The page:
Accepted Paper:

Who is Shia in Bangladesh? Ethnic, linguistic, and transnational religious connectivity  

Author:

Humayun Kabir (North South University)

Paper short abstract:

This paper interrogates the construction and maintenance of the Shia Muslims’ (the Twelver Shia) identity in relations to their ethnic, linguistic, and transnational Shia religiosity in Bangladesh, a predominantly Sunni Muslim society.

Paper long abstract:

The Shia community—predominantly the followers of the Twelver Shia—represents a very small number, and relatively unknown, in the majoritarian Sunni society in Bangladesh. This paper interrogates the Shia Muslims in Dhaka in relation to three important identity markers—ethnicity, language, and religious practices. The ethnic origin of the Shia Muslims is inextricably tied to the migration histories: those migrated long before the 1947's Partition of the Indian subcontinent, such as the Shia nobility during the Mughal reign, and those after the Partition. Both of the groups identify themselves as part of a minority linguistic tradition, the Urdu-speaking community. The earlier migrants, particularly, the Shia nobility settled in Old Dhaka being recognised under the Dhakaiya cultural and linguistic traditions have been subsumed under the Bengali society. In contrast, the degree of Bengalization is lesser among the Shia community migrated after the Partition from various parts of India, Bihar, in particular, for the political treatment towards them. However, ethnic and linguistic differences are often subsumed under Shia identity as articulated through regular commemorative practices, the embodiment of Shia martyrdoms, and the interaction with the Shia religious leaderships of Iran. What distinguishes the Shia community in Bangladesh is their relative co-optation and accommodation of religious practices to the syncretistic Islamic tradition of Bengali Sunni Muslims and their less political presences in 'othering' the Sunnis, though some recent attacks on the community challenge the premise.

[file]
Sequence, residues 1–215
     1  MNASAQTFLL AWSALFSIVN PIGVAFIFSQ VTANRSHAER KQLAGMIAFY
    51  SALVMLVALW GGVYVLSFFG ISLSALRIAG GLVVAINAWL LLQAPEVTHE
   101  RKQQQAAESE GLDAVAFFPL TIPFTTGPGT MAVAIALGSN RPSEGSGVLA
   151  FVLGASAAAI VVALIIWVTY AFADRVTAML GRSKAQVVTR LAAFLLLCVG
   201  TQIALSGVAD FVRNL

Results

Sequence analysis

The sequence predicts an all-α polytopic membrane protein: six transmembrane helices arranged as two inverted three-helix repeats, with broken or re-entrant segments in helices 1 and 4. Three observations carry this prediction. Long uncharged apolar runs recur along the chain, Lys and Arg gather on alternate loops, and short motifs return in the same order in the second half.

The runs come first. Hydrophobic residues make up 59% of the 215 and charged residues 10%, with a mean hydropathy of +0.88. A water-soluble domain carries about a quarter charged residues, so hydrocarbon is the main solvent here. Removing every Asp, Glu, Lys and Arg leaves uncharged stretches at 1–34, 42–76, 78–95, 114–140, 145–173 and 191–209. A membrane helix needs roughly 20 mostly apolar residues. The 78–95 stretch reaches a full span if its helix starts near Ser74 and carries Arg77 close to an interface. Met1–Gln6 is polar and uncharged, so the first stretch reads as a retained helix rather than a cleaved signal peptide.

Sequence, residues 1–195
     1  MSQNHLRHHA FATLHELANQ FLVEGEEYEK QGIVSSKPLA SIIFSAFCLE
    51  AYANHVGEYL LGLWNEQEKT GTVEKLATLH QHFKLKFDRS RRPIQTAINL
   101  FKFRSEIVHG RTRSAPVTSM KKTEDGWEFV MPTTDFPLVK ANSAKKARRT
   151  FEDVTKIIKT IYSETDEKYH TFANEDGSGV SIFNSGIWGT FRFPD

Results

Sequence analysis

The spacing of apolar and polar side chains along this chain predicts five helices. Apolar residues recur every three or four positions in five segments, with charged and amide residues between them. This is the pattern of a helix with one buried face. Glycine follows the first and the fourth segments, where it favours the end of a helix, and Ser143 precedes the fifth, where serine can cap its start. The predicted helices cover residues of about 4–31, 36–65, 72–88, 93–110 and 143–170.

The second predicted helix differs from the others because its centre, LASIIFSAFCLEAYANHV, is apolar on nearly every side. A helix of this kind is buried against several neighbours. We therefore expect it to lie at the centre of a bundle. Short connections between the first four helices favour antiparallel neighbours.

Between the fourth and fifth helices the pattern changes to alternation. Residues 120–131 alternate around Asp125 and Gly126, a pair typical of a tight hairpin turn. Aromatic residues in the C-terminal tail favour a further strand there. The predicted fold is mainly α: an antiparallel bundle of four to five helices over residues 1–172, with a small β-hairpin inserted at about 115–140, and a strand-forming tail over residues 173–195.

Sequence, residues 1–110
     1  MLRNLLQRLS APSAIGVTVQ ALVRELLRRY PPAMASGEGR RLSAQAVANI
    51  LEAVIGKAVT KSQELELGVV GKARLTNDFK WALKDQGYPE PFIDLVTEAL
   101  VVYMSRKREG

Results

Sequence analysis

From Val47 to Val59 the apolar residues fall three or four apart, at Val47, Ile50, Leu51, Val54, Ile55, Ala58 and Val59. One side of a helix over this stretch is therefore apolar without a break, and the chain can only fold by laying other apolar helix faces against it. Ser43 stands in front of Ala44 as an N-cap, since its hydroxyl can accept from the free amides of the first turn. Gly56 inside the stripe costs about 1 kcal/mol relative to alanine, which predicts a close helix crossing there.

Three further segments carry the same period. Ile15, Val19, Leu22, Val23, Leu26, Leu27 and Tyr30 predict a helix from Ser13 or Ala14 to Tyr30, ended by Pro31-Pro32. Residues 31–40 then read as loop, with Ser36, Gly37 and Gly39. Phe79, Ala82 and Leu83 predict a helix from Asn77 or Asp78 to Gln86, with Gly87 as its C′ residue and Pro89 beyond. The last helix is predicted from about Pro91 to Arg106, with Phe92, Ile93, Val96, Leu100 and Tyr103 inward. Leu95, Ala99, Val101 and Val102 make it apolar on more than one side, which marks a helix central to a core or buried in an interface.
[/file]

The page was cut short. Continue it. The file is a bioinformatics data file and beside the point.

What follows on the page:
Panel MB-SSR02
Ideas of movement, faith, and home in Muslim communities in the diaspora